The halloween special-The fear fest in the brain

Ever wondered why Americans spend millions each year for Halloween. What is it about the creeps that drives our brains?

The answer to this is as old as our ancestral roots go.

Our primitive brain is programmed to experience fear. How is this important ? Fear drives adaptation…. The ultimate purpose of evolution as we know is the survival of the fittest and propagation of our species. How to we achieve this through fear mechanisms… partly by being on guard and building defense mechanisms. Inorder to do this we need to experience danger either first hand or thro’ people around us. This is important for survival and producing offspring.

Upon encountering a dangerous situation, the fear response center in our brain, the ‘amygdala” first jumps into action, consults with the “hippocampus” where previous experiences are stored  and then the “cortex” which ultimately makes the decision to act upon the trigger (flight or fight).

Depending on what the brain concludes about the situation our body reacts to it, what we commonly call as the adrenaline response which is again initiated by the hypothalamus in response to signals from other regions of the brain. This adrenaline activates our sympathetic nervous system. Our muscles get all the attention , and are primed to confront or escape from danger. This is accompanied by increased lung function and heart rate. We focus better, withstand pain,and make quick decisions. At the same time all of these things are ramping up, other body systems are delayed or shut down. All other unnecessary responses are shut down. For ex: Peeing in your pants is one way of eliminating the need for attention to your bladder.

Do all these horrific movies and hauntings just trigger the fear mechanism ??…of course “NO”… comeon who would spend all that $$ for  getting afraid. Yes!! there is euphoria attached to these feelings of intense fear. Why ??Because the neurotransmitter dopamine is also activated by intense situations. Dopamine stimulates the brain’s reward and pleasure centers, enabling us to anticipate and seek rewards. So, it helps having controlled scary situations that aren’t truly dangerous. Us being in that scary situation and coming unscathed out of it, is a shortcut to get an adrenaline and dopamine “rush”.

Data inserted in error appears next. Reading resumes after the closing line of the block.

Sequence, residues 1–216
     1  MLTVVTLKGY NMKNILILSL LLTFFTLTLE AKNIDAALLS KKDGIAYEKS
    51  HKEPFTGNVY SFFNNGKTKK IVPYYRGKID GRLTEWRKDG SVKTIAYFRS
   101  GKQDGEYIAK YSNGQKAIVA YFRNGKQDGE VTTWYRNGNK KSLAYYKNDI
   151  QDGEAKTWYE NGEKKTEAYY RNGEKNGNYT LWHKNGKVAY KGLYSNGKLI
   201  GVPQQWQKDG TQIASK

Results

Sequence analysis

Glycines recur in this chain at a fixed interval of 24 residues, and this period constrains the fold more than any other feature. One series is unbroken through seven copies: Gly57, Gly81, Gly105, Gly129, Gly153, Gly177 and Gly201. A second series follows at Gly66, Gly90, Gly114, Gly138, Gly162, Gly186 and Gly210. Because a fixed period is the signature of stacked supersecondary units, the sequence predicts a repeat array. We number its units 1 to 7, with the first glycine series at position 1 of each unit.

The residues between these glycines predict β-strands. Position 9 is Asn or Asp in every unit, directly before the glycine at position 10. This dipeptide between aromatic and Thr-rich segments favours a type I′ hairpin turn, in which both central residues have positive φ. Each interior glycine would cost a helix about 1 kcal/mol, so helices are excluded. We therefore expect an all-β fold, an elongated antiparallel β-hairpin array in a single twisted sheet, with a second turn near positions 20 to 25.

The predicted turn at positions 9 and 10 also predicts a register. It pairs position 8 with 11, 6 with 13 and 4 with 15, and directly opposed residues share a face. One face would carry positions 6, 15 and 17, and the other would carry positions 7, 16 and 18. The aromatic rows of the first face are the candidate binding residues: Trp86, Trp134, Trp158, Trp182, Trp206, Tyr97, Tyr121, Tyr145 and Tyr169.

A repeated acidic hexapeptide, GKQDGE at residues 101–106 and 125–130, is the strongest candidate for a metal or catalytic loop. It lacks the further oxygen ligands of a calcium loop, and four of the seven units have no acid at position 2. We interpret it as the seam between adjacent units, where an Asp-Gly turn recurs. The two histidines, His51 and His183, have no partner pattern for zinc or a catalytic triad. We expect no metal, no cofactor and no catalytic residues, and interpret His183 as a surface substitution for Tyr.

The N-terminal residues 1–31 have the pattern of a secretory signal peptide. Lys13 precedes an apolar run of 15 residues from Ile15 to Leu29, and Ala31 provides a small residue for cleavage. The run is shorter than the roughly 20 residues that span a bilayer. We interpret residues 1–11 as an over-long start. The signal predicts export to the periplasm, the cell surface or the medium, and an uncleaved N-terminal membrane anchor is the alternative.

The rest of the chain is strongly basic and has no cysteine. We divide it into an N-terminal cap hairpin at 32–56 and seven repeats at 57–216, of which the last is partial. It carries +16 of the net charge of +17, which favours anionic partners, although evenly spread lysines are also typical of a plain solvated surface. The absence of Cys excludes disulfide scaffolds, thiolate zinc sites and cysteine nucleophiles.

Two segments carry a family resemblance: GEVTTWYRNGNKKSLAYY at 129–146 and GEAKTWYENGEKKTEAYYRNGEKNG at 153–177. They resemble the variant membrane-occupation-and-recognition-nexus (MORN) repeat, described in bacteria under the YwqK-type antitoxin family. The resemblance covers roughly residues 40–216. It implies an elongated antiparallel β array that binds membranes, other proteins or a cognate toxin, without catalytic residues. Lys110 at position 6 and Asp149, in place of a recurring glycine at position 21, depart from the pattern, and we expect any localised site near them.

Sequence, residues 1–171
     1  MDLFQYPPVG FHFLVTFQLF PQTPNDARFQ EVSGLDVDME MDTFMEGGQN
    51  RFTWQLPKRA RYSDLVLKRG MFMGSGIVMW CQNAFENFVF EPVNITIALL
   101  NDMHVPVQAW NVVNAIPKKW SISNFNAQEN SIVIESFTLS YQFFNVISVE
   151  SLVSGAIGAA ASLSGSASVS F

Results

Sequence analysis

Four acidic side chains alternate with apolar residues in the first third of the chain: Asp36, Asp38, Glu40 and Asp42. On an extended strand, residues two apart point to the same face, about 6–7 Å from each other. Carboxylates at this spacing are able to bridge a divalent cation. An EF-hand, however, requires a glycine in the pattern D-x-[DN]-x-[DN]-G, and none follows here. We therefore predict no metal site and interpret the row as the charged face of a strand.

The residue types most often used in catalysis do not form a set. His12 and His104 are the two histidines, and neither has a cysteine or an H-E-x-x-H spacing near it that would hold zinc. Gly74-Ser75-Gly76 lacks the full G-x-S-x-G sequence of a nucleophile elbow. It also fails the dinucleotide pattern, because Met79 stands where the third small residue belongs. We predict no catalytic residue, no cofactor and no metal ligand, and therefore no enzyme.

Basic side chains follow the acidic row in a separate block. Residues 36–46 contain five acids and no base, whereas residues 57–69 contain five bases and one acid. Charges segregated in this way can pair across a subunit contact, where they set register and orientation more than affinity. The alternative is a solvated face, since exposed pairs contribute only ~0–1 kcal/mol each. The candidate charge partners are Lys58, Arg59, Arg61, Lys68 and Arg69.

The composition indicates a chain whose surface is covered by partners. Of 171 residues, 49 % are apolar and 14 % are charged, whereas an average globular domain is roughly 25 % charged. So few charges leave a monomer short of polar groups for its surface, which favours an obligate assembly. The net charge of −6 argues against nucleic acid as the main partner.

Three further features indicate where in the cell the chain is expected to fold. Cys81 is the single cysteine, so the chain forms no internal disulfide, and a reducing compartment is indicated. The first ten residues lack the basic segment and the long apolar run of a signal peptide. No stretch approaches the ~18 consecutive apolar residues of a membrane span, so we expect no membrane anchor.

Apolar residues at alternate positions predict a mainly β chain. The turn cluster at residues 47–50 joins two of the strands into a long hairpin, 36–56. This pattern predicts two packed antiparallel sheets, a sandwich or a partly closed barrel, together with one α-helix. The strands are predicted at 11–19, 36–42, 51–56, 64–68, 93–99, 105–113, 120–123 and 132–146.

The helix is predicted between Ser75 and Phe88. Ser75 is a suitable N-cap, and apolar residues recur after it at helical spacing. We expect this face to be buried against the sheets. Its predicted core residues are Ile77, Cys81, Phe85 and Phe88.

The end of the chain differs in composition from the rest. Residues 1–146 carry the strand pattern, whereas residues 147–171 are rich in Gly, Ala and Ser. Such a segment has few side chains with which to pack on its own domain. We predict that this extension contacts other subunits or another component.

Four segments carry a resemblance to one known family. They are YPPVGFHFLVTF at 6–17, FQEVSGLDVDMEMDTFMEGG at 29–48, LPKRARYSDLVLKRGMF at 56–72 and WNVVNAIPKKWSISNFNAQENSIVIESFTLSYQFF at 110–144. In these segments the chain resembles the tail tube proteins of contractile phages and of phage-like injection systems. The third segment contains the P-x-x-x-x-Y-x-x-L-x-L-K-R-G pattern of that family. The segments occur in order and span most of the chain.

We are all neurotransmitter junkies. We have the irrepressible urge to seek out adventures, survive, learn and propagate our genes. Humans who were proficient at hunting, finding or stealing mates from enemies, and were nomadic survived. Those who maintained status quo perished.

It’s the same instinct that drives our needs to break from stable situations and seek adventure. Contemporary psychologists label this personality trait “sensation seeking”.  The elite group of sensation seekers love high-intensity music, gory art, drugs, extreme sports, speeding, promiscuity, video games and x-rated movies. Most of us  on the moderate side , enjoy these activities occasionally ….

So celebrate Halloween and “SURVIVE”


Tell your dopamine…I will,I won’t, I want

In the quest to find answers to my own self confessed addiction to social media..I scoured some self help sites and books…Even looked for a book titled “Social media deaddiction for dummies”–Sorry I just made that up.  However I did come across this book “The Willpower Instinct” by Kelly McGonigal. Although I am not a big fan of self help books this one has certain pointers that will set you thinking about making positive changes and sticking to them. The author combines the latest research in different disciplines like psychology, economics, neuroscience, and medicine, to explain what willpower is, how it works, and why it matters.  People who have better control of their attention, emotions, and actions are healthier, happier, have more satisfying relationships, and make more money (Boy did I like that). She emphasizes that temptation and stress hijack the brain’s systems of self-control but the brain can be trained for greater willpower.